1. Crowd-Funding

Increased access to technology and the internet in particular has opened up opportunities for Enterprises to use crowd funding to raise capital. This involves using specialist crowd funding platforms to raise capital from external sources. Key considerations when crowd-funding include the need to set realistic funding goals which make your project appear attainable and realistic. Demonstrate that you know your business, and be transparent about your budget. Note that most platforms will also take a cut of the funds you raise and you can crowd-fund for a specific component of your venture.

Maximising Your Chances Of Getting A Bank Loan

What Bankers Want to Know?

Don't be misled by the conventional wisdom that you always need to provide a business plan to get a loan. When evaluating loans, usually bankers want the answers to five questions: (1) How much money do you want? (2) What is the money being used for? (3) How will you collateralize the loan? (4) When are you going to pay me back? And (5) how are you going to pay me back? Most borrowers will be able to tell you the answers to these questions in a conversation and if they can't … that's a red flag.

Got Collateral?

The other key element in getting a bank loan is understanding collateral. Collateral refers to the assets that you pledge for the repayment of a loan. These assets can be your business's accounts receivable, inventory, or business equipment and they are used to secure the loan (versus an “unsecured” loan which has no collateral). In the event you default on the loan, the lender can acquire and sell the collateral. If a business does not have any assets worth securing, a lender will look to personal assets—for example, stocks or bonds—or some other form of personal guarantee. A personal guarantee means that the borrower guarantees repayment from personal assets, rather than from business assets.

Avoid having your spouse sign a guarantee unless he or she is active in the business.

Getting ready to seek a loan? Consider the following issues before handing in your application:

  1. Be prepared to provide collateral or a personal guarantee. Expect a request for either or both, especially if you're a first-time borrower. If you sign a guarantee, try and limit it to a one year guarantee that can be renewed if necessary. Avoid having your spouse sign a guarantee unless he or she is active in the business. If you have friends or relatives who are willing to guarantee your business loan but they're not willing to guarantee the whole loan, it could be because the guarantee requires them to be ‘jointly and severally' liable, meaning they must pay the entire loan if there is a default. To avoid this result and to encourage multiple guarantors, a guarantor can simply provide collateral for the portion of the loan they are guaranteeing. So if there are three guarantors, each may guarantee only one-third of the loan.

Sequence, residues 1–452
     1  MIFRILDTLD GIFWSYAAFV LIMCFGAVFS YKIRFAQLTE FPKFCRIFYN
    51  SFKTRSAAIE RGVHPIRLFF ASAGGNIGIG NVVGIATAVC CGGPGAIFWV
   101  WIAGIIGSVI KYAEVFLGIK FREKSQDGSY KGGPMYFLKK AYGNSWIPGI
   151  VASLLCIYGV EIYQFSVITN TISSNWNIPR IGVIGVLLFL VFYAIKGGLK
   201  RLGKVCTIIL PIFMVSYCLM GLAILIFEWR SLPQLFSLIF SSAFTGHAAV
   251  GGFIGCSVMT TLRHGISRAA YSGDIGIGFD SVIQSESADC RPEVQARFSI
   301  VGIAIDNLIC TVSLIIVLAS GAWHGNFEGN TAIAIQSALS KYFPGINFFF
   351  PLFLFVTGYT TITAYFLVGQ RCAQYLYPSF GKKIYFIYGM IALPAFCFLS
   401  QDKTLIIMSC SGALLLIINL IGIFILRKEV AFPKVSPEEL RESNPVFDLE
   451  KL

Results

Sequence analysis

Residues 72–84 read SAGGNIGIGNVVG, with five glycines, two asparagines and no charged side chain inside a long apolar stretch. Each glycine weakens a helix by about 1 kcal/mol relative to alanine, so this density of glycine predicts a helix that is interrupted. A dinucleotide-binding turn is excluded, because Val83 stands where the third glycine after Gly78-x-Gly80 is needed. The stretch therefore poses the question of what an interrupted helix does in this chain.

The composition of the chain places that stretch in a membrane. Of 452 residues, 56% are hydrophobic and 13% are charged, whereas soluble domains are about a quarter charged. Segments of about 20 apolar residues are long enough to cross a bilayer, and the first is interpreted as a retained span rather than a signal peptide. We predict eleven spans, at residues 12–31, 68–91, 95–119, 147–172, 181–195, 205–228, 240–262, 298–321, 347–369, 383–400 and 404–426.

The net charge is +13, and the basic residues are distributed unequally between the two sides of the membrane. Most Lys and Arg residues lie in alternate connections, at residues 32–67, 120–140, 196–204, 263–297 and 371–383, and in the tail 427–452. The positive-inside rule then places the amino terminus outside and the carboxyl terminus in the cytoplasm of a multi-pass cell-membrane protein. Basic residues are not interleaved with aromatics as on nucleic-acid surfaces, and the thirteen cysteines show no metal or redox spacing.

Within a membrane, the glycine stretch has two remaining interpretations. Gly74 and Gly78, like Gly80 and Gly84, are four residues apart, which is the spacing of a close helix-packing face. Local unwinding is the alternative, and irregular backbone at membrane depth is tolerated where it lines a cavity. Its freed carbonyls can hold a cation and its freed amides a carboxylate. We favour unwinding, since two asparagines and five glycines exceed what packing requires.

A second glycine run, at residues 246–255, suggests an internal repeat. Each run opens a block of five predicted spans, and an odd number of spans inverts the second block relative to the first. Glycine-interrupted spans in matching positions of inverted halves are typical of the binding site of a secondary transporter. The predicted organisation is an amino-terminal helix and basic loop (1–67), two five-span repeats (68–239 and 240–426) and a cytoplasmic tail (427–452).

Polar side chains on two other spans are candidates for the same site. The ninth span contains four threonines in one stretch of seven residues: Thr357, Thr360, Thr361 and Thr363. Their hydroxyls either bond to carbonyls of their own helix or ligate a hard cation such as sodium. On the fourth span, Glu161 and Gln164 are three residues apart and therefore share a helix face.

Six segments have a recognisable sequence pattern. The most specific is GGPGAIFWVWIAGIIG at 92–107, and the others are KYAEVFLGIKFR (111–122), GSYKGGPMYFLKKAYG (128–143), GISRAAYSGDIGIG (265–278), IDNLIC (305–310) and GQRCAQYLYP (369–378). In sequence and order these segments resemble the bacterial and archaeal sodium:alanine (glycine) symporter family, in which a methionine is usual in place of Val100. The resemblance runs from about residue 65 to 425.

2. Ask for enough.
    One of the most common errors people make when borrowing is that they underestimate the situation and they borrow less money than they should. Once upon a time, there was a company who was making wooden furniture and doing a great job. They borrowed money from a bank and unfortunately they borrowed less money than necessary. When they went back to borrow more money, they found it was now more difficult because the bank was suspicious. Why hadn't they anticipated the right amount in the first place? And that made borrowing more difficult. By borrowing less than you need you haven't really solved the problem.
  3. Establish your company's creditworthiness. Here's one tip for building your company's creditworthiness: Don't use a personal credit card for business purposes. That's the single rule that's violated most often. Most people have personal credit and they figure, well, we've got this card so why not use that to buy for the company. The problem is that it doesn't do a thing to help your business credit.
  4. Know your credit history. Do you have a checkered personal credit history? How long has your business operated? (Businesses under two years old tend to be viewed critically.). Do you know your credit score? You can't fix it if you don't know what it is.
  5. Make sure your financials match up. Don't provide financial reports that were printed at 3 a.m. the night before your meeting. Proof and review any financial documents used for a loan application with an accountant or financial advisor.